Spitzer Space Telescope: Warmed Up and Ready to Go

July 28, 2009
An infrared view of the choppy star-making cloud called M17, or the Swan nebula. Image credit: NASA/JPL-Caltech/Univ. of Wisc.

NASA's Spitzer Space Telescope has put its infrared eyes back on the sky to observe the cold and dusty universe.

The telescope ran out of on May 15, 2009, after more than five-and-a-half years of observations.

Two of its infrared channels are working at full capacity at the observatory's new "warm" temperature of approximately 30 Kelvin (minus 406 degrees Fahrenheit) -- still quite chilly by our Earthly standards.

Engineers and scientists have been busy recalibrating the telescope and making preparations for Spitzer's new era of science. Routine science operations begin today, July 27, 2009.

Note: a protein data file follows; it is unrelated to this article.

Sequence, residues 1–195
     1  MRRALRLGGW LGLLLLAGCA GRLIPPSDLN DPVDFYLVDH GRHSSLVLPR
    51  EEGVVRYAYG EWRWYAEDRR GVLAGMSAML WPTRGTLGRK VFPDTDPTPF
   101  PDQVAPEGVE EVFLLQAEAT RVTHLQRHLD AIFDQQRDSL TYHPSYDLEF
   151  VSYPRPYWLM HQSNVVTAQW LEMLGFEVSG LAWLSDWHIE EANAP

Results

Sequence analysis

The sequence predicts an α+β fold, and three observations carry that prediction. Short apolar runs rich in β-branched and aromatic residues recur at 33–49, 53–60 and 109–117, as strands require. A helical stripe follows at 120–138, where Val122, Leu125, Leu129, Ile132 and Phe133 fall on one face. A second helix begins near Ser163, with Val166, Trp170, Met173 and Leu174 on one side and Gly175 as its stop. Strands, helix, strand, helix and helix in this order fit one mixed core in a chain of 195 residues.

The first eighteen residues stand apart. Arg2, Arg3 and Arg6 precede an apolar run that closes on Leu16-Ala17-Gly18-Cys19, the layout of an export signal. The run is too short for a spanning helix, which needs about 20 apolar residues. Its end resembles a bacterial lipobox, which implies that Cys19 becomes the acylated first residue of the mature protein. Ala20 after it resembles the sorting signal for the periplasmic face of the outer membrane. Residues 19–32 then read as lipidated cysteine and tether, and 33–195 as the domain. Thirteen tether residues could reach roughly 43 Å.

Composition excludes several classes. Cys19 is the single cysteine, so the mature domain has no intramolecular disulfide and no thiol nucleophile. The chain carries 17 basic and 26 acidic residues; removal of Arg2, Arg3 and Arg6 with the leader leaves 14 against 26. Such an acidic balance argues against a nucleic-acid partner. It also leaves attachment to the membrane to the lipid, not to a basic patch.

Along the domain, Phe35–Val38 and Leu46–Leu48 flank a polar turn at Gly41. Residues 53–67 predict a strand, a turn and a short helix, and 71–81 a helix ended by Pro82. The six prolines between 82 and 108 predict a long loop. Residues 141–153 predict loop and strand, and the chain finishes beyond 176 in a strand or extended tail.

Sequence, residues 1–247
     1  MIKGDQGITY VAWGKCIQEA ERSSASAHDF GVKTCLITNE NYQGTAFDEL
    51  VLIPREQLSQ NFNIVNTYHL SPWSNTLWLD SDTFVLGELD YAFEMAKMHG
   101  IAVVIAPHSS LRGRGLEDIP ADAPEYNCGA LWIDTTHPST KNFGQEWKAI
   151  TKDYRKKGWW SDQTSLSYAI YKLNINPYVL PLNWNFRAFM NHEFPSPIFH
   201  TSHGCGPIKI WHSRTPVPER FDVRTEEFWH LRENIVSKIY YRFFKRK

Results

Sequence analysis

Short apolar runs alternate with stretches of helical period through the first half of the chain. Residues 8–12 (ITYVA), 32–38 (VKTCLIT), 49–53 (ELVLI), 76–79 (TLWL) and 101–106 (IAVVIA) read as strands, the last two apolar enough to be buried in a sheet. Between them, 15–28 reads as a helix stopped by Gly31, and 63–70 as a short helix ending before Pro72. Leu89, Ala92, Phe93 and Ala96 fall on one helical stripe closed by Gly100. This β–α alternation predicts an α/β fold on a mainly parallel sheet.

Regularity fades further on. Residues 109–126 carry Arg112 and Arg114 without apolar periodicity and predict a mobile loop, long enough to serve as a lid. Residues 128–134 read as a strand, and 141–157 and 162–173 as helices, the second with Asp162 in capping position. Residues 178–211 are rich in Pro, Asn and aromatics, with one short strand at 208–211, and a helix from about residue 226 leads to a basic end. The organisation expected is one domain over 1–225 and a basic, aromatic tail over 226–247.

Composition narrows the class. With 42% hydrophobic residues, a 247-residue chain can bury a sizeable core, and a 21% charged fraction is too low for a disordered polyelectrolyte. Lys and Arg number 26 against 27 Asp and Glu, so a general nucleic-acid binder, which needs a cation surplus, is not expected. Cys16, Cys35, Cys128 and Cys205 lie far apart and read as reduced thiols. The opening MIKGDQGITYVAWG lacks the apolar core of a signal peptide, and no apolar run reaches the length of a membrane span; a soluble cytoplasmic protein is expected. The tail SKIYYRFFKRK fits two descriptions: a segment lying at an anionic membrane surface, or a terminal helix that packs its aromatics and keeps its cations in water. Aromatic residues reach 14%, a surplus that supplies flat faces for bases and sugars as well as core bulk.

More information about the warm mission can be found at www.nasa.gov/mission_pages/spitzer/news/spitzer-warm.html .

Provided by JPL/NASA (news : web)

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not rated yet Jul 29, 2009
Great to see this productive satellite is still capable of making useful scientific observations and has extended funding to make those observations.

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